Health & Medical

SBRT Safe for Cancer Patients With Multiple Metastases

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Stereotactic body radiotherapy (SBRT) proved safe for treating cancer patients with multiple metastases, according to a phase I trial.

In the NRG-BR001 trial, standard doses of SBRT were safe in 35 patients with oligometastatic breast, prostate, and non-small cell lung cancer (NSCLC) with a median of three or four metastases, or two within proximity to each other, reported Steve Chmura, MD, PhD, of University of Chicago Medicine, and colleagues.

Also, there were no protocol-defined dose-limiting toxicities in these patients at 180 days after the initiation of therapy, they stated in JAMA Oncology.

However, the authors noted that a number of patients experienced late grade 3 adverse events (AEs), most likely related to the protocol therapy, which demonstrated the need for long-term follow-up with these patients.

The use of SBRT can improve survival in cancer patients with multiple metastases, Chmura’s group explained. While practitioners are increasingly using SBRT to treat patients with multiple metastases, they pointed out that little evidence supports its safe use for these patients.

“Existing data include mostly treatment of 1 or 2 metastases separated widely from each other and use of differing radiation doses, toxicity reporting, image guidance, and normal tissue constraints,” they wrote. “Given the critical need, NRG Oncology NRG-BR001 trial sought to determine the safety of delivering curative-intent SBRT to patients with 3 to 4 metastases or 2 metastases within close proximity to each other.”

Patients were considered eligible for the study if they had metastatic breast, prostate, or NSCLC, and either three or four metastases, or two within 5 cm of each other that were otherwise considered amenable to SBRT.

Each metastasis was assigned to one of seven metastatic locations — bone/osseous, spinal/paraspinal, peripheral lung, central lung, mediastinal/cervical lymph node, liver, or abdominal-pelvic — based on the potential for toxicity.

The radiation dose specified for the protocol was based on either phase II data for single metastases or expert consensus if the data were unavailable. The starting dose was 50 Gy in five fractions for central lung and mediastinal/cervical lymph nodes; 45 Gy in three fractions for peripheral lung, abdominal-pelvic, and liver locations; and 30 Gy in three fractions for bone/osseous and spinal/paraspinal sites.

The primary outcome of the study was dose-limiting toxicity (DLT), defined as specific AEs of grades 3 to 5 related to SBRT within 180 days of treatment. Dose levels were considered to be safe if DLTs were seen in no more than one of six patients per metastatic location.

Of 42 patients registered for the trial, 35 were evaluable, 12 (34.3%) of whom had breast cancer, 10 NSCLC (28.6%), and 13 (37.1%) prostate cancer. There were a median of three metastases per treated patient, with two-thirds having three to four metastases.

DLT analysis were based on six evaluable patients in all of the metastatic locations save the liver (five evaluable patients). The authors reported there were no protocol-specified DLTs in any of the seven metastatic locations within 180 days of the initiation of treatment.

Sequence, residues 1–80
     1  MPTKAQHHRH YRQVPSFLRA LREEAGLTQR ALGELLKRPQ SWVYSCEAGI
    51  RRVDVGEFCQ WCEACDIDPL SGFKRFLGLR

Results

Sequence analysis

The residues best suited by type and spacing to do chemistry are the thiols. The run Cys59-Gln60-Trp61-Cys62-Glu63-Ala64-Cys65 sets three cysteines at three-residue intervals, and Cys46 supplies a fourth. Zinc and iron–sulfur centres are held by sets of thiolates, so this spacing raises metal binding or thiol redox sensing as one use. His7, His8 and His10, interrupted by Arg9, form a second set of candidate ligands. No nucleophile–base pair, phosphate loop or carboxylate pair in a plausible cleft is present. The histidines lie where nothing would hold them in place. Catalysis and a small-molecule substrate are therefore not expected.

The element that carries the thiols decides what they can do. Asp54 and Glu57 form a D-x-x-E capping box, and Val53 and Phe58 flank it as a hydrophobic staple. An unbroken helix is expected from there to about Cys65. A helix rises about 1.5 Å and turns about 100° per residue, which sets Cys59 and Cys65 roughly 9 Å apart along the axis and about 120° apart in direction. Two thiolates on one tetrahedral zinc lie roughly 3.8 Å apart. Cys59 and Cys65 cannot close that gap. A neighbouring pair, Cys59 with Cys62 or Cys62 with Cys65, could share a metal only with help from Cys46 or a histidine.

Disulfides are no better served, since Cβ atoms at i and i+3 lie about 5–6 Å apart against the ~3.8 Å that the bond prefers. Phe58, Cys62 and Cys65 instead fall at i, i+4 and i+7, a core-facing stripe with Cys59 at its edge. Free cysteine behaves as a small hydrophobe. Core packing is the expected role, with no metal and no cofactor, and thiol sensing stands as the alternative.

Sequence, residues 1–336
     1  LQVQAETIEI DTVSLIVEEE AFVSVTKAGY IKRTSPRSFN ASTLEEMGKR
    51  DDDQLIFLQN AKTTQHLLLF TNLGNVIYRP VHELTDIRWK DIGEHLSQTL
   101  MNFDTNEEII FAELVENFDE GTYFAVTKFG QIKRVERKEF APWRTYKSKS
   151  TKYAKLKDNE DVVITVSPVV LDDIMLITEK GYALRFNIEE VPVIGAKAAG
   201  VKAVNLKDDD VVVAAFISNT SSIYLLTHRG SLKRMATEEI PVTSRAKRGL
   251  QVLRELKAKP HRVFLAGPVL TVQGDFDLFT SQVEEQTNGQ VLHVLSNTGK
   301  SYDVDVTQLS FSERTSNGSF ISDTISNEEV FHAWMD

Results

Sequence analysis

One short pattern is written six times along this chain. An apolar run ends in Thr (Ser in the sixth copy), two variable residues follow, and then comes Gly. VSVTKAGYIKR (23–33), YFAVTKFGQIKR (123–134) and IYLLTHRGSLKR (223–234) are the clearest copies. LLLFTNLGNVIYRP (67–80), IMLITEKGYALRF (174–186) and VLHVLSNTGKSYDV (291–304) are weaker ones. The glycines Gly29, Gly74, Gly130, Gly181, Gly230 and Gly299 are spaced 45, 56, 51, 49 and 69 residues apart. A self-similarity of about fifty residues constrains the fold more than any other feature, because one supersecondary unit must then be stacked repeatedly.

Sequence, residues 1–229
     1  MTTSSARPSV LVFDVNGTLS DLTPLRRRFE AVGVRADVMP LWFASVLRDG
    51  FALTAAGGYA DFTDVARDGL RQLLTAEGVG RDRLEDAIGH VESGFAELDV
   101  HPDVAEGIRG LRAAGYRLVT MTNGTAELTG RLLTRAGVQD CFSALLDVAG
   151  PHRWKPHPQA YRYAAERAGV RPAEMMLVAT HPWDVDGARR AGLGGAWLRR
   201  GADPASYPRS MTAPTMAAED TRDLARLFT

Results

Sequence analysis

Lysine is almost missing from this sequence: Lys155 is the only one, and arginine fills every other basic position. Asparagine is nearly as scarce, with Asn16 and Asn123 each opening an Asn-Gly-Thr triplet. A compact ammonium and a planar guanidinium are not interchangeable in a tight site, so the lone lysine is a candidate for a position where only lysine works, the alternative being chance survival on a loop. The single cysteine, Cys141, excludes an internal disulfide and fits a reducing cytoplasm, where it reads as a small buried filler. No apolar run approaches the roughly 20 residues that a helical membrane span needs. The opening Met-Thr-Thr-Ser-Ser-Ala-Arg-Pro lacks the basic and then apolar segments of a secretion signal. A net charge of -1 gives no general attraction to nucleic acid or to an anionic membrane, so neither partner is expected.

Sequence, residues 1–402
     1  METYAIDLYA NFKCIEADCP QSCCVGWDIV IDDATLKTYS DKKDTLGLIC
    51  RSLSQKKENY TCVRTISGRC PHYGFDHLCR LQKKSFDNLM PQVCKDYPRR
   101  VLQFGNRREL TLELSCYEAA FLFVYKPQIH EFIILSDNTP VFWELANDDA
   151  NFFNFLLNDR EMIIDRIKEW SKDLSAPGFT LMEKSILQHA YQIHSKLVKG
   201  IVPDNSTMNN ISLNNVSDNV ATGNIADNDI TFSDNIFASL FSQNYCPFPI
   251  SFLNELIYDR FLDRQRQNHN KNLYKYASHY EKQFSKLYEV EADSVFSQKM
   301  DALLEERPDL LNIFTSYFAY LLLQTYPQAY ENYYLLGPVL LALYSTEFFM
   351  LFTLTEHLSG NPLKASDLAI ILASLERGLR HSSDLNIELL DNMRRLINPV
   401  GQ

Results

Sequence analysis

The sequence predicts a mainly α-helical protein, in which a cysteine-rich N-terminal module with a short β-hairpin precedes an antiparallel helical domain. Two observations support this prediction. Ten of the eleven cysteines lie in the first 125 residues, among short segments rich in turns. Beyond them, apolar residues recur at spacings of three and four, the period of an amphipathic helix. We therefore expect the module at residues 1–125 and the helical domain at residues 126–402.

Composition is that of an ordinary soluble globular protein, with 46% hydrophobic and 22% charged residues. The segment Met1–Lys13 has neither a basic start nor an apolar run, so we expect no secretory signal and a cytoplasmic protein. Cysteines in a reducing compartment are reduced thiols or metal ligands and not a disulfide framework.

There were 50 grade 3 or 4 AEs reported in 18 patients, and eight were determined to be mechanistically related to the protocol therapy. Of those eight, six (including bone pain, pulmonary fibrosis, bronchial fistula, bronchial stenosis, spinal fracture, and humeral fracture) were reported in six patients more than 180 days after the start of treatment. There were no treatment-related deaths, according to the authors.

Considering the number of late AEs reported in this trial, they suggested patients should be monitored closely for late toxic effects.

“Given the potential for ablative radiotherapy to improve outcomes of patients with oligometastatic cancer, the finding that SBRT is safe when delivered to 3 to 4 metastases or 2 metastases in close proximity to one another is important, and serves as the foundation for ongoing randomized trials,” wrote Chmura and colleagues. They noted that these include studies such as the phase II/III NCI-sponsored NRG-BR002 trial.

In an editor’s note, Charles R. Thomas Jr., MD, of Oregon Health Sciences University in Portland, noted that since NRG-BR001 was launched in 2014, numerous systemic agents have been approved for the treatment of breast, lung, and prostate cancer, which means more patients are living long enough to exhibit radiation-induced normal tissue toxicity.

“Because these toxic effects, particularly bone fractions and pulmonary toxicity, can compromise daily quality of life, we strongly believe that clinicians must be sure to caution patients about the specific normal tissue toxicity profile that can occur depending on the anatomic site that is to be targeted with SBRT,” Thomas observed.

Still, the trial provides evidence to guide patient care, and a framework for future clinical trials for patients with oligometastatic disease, he added.


Chmura disclosed relevant relationships with, and/or support from Astellas Pharma, Merck, Bristol Myers Squibb, and EMD Serono. Co-authors disclosed multiple relevant relationships with industry.

Thomas disclosed serving as JAMA Oncology deputy editor.

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